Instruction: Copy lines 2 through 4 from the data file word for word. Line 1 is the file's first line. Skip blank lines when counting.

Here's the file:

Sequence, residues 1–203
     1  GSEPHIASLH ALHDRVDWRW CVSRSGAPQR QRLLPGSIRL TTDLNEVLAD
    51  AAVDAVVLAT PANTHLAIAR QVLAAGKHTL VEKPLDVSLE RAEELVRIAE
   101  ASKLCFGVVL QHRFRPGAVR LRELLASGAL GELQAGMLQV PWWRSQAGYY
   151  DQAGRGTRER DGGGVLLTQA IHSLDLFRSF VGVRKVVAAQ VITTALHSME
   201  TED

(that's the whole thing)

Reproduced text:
     1  GSEPHIASLH ALHDRVDWRW CVSRSGAPQR QRLLPGSIRL TTDLNEVLAD
    51  AAVDAVVLAT PANTHLAIAR QVLAAGKHTL VEKPLDVSLE RAEELVRIAE
   101  ASKLCFGVVL QHRFRPGAVR LRELLASGAL GELQAGMLQV PWWRSQAGYY